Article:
If money is an expression of socially necessary labor time, and socially necessary labor time is expended during production, logic suggests the explanation for price inflation begins not with exchange but with production, not with money but with labor.

But here is the difficulty with deriving price inflation from labor: inflation means rising prices, while the labor theory premises of capitalist production assume the labor embodied in commodities generally falls. If you begin with production and the diminishing expenditure of labor, you have to explain how the falling labor content of commodities can come to be expressed in rising prices for the commodities. You have to explain, in other words, what would cause prices to move inverse to labor content of commodities. Now, that is a heavy lift for labor theory and, frankly, most Marxist academics today are not up to the job; so they prefer instead to rely on Friedman’s monetary explanation instead of taking the time to develop a native labor theory explanation. An argument that is native to labor theory would initially assume that labor values determine the prices of commodities, but only up to a certain point in the development of the productive forces of the capitalist mode of production. After this point, prices would increasingly diverge from their labor values and even rise as the value content of commodities fall.

What would cause prices to suddenly flip and begin moving inversely to the labor values of commodities? The closest explanation we have for this sudden and bizarre change in the behavior of prices is offered by Marx in Capital, v3, c15: absolute over accumulation, of which Marx has this to say:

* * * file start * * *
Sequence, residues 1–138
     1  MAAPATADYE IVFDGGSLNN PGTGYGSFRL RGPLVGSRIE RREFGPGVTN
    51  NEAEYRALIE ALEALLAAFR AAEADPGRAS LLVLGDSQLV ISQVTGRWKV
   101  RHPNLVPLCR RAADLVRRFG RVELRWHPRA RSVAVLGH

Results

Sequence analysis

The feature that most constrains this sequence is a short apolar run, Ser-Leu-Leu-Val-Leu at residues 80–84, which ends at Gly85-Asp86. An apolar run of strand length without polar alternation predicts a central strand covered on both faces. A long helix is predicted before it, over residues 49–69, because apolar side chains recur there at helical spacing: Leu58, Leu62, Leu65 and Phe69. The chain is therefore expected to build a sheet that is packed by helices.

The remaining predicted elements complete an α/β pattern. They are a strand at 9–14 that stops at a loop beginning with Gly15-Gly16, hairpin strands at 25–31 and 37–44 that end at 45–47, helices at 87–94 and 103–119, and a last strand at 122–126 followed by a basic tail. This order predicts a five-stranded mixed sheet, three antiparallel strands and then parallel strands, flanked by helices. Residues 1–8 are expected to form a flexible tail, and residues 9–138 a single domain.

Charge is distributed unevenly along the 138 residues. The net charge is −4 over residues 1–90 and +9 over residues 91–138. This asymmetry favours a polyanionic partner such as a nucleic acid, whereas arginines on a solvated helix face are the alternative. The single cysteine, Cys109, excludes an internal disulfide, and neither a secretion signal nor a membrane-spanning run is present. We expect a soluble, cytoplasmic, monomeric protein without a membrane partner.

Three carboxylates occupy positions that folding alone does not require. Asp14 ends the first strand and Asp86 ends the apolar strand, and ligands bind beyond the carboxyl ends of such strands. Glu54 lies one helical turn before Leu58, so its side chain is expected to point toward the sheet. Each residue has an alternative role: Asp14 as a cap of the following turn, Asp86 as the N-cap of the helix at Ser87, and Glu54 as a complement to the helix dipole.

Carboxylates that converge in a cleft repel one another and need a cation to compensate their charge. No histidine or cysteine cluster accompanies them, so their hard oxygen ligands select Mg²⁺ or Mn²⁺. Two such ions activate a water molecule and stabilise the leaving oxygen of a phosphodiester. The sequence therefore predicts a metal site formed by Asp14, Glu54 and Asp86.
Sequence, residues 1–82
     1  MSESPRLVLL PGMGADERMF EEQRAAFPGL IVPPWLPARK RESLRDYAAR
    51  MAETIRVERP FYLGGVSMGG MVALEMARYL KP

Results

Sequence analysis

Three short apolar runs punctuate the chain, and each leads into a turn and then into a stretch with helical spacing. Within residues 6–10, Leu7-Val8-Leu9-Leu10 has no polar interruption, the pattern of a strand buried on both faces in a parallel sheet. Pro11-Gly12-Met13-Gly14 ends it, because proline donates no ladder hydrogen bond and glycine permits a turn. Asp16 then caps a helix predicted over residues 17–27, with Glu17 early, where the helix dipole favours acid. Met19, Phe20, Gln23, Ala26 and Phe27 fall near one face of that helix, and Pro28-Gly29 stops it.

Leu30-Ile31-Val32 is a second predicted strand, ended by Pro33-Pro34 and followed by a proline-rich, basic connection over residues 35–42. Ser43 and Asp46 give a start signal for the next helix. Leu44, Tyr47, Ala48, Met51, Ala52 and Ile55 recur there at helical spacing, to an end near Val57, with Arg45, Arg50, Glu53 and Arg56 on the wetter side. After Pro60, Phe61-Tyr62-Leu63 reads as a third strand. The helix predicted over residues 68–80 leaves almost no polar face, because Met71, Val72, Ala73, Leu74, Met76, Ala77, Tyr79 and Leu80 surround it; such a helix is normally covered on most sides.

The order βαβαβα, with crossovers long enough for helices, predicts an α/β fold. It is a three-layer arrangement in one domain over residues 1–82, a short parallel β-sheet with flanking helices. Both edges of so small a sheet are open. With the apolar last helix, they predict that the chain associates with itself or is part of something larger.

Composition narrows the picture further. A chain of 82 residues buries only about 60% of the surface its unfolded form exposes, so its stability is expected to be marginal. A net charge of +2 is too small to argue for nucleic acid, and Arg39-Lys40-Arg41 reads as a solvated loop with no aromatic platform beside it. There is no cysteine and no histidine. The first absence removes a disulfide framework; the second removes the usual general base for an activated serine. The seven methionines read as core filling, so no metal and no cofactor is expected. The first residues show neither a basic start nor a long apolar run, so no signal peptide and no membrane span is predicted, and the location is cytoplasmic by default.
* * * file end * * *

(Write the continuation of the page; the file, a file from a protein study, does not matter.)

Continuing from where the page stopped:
“There would be absolute over-production of capital as soon as additional capital for purposes of capitalist production = 0. The purpose of capitalist production, however, is self-expansion of capital, i.e., appropriation of surplus-labour, production of surplus-value, of profit. As soon as capital would, therefore, have grown in such a ratio to the labouring population that neither the absolute working-time supplied by this population, nor the relative surplus working-time, could be expanded any further (this last would not be feasible at any rate in the case when the demand for labour were so strong that there were a tendency for wages to rise); at a point, therefore, when the increased capital produced just as much, or even less, surplus-value than it did before its increase, there would be absolute over-production of capital; i.e., the increased capital C + ΔC would produce no more, or even less, profit than capital C before its expansion by ΔC. In both cases there would be a steep and sudden fall in the general rate of profit, but this time due to a change in the composition of capital not caused by the development of the productive forces, but rather by a rise in the money-value of the variable capital (because of increased wages) and the corresponding reduction in the proportion of surplus-labour to necessary labour.”